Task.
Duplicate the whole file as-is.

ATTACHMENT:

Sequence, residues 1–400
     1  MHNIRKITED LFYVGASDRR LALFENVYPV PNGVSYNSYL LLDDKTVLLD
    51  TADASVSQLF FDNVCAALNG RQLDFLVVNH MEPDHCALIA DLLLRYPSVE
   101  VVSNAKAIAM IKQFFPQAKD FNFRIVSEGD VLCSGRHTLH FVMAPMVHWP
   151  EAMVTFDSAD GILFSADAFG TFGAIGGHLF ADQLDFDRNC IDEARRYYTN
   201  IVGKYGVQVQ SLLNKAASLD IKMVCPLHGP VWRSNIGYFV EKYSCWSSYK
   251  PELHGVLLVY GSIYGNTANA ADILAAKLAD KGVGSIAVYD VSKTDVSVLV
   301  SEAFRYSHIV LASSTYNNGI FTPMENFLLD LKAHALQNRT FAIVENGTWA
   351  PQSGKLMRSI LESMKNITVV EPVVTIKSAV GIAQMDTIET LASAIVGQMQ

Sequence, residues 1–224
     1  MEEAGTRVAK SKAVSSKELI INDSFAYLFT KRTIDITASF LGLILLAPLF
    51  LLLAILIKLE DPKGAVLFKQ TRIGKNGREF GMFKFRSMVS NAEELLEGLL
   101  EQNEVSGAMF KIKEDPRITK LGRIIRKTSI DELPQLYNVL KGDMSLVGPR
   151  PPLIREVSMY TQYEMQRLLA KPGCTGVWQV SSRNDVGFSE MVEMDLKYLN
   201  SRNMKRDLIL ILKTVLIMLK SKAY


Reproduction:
Sequence, residues 1–400
     1  MHNIRKITED LFYVGASDRR LALFENVYPV PNGVSYNSYL LLDDKTVLLD
    51  TADASVSQLF FDNVCAALNG RQLDFLVVNH MEPDHCALIA DLLLRYPSVE
   101  VVSNAKAIAM IKQFFPQAKD FNFRIVSEGD VLCSGRHTLH FVMAPMVHWP
   151  EAMVTFDSAD GILFSADAFG TFGAIGGHLF ADQLDFDRNC IDEARRYYTN
   201  IVGKYGVQVQ SLLNKAASLD IKMVCPLHGP VWRSNIGYFV EKYSCWSSYK
   251  PELHGVLLVY GSIYGNTANA ADILAAKLAD KGVGSIAVYD VSKTDVSVLV
   301  SEAFRYSHIV LASSTYNNGI FTPMENFLLD LKAHALQNRT FAIVENGTWA
   351  PQSGKLMRSI LESMKNITVV EPVVTIKSAV GIAQMDTIET LASAIVGQMQ

Sequence, residues 1–224
     1  MEEAGTRVAK SKAVSSKELI INDSFAYLFT KRTIDITASF LGLILLAPLF
    51  LLLAILIKLE DPKGAVLFKQ TRIGKNGREF GMFKFRSMVS NAEELLEGLL
   101  EQNEVSGAMF KIKEDPRITK LGRIIRKTSI DELPQLYNVL KGDMSLVGPR
   151  PPLIREVSMY TQYEMQRLLA KPGCTGVWQV SSRNDVGFSE MVEMDLKYLN
   201  SRNMKRDLIL ILKTVLIMLK SKAY